The reduction in sugar production from the 18/19 crop has seen a reduction in exports and an increase in sugar imports. Predictions for the 2019/20 beet crop are up slightly at 18.6 mln tonnes compared to 18.2 mln tonnes in 18/19, due to an expected yield recovery which was affected by drought last year.

Sourcing is at the heart of Ragus' business: it sources sugar beet from Europe and travels the world from Africa to the Caribbean to South America and the Pacific countries to find the best, most reliable, and sustainably produced, sources of cane sugar. The sugar is manufactured by Ragus at its UK plant into a range of pure sugars, syrups and special formulations

Weather disrupts sugar beet planting in Ukraine and Russia

Having been delayed by a cold, wet spring, sugar beet sowing is almost complete in Russia. Ukraine has experienced heavy rains which may result in lower beet yields and decreased extraction rates, although the total area sown has more than doubled compared to this time last year.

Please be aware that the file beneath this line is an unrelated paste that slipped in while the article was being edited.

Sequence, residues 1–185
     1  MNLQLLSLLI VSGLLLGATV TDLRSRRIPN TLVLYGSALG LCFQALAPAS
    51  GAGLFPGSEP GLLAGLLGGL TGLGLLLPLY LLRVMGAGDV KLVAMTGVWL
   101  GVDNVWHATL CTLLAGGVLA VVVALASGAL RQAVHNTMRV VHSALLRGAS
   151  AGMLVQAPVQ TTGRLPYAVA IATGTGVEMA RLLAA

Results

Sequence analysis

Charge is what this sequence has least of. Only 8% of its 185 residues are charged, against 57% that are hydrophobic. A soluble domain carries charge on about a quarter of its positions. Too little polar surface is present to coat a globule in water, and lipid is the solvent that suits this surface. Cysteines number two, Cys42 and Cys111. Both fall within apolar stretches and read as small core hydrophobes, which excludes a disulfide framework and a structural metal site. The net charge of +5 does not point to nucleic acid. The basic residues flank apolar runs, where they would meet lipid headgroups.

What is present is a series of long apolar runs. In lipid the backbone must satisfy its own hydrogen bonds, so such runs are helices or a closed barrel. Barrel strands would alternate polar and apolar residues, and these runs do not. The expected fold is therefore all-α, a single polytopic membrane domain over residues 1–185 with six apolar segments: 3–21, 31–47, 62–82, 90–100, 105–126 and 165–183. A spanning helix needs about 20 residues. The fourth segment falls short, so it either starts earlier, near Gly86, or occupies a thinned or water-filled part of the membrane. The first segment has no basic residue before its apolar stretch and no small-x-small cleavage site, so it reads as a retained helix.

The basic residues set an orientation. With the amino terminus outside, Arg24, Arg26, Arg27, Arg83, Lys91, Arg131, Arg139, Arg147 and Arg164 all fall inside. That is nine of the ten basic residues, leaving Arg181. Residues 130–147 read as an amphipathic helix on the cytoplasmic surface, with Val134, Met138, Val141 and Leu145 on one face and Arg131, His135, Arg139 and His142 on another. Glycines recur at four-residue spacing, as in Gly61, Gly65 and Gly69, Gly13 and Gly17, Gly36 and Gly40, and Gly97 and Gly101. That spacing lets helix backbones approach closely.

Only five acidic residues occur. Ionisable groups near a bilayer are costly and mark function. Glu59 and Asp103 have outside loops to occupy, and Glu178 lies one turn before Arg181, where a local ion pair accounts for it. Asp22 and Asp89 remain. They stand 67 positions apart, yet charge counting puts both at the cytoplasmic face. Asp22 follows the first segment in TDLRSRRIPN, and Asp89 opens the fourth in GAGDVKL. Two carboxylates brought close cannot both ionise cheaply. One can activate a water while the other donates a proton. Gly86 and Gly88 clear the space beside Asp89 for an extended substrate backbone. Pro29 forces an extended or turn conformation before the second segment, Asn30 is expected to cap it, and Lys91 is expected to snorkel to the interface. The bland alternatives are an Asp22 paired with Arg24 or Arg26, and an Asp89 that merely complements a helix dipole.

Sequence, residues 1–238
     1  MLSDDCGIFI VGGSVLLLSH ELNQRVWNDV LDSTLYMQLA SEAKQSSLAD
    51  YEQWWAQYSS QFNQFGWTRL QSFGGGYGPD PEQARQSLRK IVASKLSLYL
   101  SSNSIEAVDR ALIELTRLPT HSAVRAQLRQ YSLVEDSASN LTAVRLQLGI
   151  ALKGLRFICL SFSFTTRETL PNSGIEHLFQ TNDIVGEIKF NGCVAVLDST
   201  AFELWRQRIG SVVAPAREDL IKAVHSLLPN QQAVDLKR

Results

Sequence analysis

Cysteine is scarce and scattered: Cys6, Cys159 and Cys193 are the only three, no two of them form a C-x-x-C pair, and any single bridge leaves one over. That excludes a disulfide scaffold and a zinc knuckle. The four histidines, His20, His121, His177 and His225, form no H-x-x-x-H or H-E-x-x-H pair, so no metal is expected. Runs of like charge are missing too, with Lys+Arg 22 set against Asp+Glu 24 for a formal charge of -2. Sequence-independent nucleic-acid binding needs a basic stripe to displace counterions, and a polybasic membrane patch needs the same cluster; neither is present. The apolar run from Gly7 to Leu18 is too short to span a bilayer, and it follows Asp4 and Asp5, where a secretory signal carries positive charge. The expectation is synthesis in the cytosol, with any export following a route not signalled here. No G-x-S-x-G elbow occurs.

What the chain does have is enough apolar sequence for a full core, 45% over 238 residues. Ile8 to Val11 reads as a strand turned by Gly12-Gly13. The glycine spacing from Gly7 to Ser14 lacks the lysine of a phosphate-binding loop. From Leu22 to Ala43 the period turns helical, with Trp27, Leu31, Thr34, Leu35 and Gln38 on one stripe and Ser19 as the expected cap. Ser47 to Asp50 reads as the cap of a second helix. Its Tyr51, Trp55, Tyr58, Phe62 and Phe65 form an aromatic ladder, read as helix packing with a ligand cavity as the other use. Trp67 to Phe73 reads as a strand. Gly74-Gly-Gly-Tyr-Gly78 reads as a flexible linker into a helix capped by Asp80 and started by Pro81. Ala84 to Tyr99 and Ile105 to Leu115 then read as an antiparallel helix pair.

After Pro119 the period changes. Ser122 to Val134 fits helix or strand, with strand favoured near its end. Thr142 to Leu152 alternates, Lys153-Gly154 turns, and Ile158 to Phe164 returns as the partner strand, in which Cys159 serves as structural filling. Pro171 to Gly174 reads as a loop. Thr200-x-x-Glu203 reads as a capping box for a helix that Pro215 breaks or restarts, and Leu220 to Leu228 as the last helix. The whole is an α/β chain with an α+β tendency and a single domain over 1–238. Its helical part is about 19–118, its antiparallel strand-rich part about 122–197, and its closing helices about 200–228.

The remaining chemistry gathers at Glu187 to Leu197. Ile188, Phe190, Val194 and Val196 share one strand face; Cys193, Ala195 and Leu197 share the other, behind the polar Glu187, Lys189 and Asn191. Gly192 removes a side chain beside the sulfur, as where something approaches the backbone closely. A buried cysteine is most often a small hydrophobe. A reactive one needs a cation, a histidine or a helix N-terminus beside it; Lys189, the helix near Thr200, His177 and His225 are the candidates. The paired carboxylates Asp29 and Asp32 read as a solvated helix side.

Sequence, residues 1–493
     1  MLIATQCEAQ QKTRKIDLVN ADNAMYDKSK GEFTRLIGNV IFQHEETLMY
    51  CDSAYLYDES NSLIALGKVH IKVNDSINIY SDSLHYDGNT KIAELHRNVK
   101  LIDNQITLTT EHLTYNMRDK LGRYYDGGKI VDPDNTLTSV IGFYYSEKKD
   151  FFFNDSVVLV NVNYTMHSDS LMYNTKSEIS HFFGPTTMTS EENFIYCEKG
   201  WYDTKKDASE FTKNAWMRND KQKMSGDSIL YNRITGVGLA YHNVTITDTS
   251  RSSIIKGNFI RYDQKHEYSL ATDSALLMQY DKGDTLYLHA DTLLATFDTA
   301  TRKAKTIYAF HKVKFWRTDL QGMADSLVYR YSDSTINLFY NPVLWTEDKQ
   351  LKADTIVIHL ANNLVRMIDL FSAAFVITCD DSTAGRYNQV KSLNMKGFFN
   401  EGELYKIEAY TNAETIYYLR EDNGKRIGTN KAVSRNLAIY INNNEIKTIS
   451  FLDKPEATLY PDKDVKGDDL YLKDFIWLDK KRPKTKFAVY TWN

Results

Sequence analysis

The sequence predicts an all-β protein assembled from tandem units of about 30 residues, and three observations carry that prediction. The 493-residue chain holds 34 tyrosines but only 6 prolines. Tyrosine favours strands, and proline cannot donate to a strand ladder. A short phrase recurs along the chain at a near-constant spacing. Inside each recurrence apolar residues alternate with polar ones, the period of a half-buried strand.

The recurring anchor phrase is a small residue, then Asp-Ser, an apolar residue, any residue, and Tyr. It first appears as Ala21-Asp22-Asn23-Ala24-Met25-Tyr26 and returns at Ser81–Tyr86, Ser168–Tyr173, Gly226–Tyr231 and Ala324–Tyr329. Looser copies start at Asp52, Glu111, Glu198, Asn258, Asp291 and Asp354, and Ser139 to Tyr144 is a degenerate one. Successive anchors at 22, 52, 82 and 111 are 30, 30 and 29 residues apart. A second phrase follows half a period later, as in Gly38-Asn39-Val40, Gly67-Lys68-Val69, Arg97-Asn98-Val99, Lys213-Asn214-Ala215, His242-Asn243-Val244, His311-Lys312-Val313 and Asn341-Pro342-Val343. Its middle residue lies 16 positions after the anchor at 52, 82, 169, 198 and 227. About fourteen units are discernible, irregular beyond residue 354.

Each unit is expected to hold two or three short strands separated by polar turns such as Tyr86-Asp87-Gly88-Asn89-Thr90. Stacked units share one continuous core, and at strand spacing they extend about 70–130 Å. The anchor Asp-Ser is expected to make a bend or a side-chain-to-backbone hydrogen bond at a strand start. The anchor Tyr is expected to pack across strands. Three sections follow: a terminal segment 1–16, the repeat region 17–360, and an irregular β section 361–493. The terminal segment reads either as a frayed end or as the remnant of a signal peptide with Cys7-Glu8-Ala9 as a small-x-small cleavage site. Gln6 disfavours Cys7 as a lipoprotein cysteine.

Indications for the 2018/19 harvest is Russia producing 6.5 mln tonnes, down from 7.1 mln tonnes in 17/18 and the Ukraine producing 2.0 mln tonnes of sugar. Factories will continue producing sugar from beet syrup from the 18/19 crop until the end of this month.

Brazilian currency fluctuations could affect world sugar prices 

Above average rains helped cane development of the 2019/20 crop. Harvesting began in April and continues at a good pace but is still behind last year. The volatility of the oil market and the Brazilian currency is not favouring an ethanol orientated sugar mix resulting in VHP sugar prices above that of hydrous.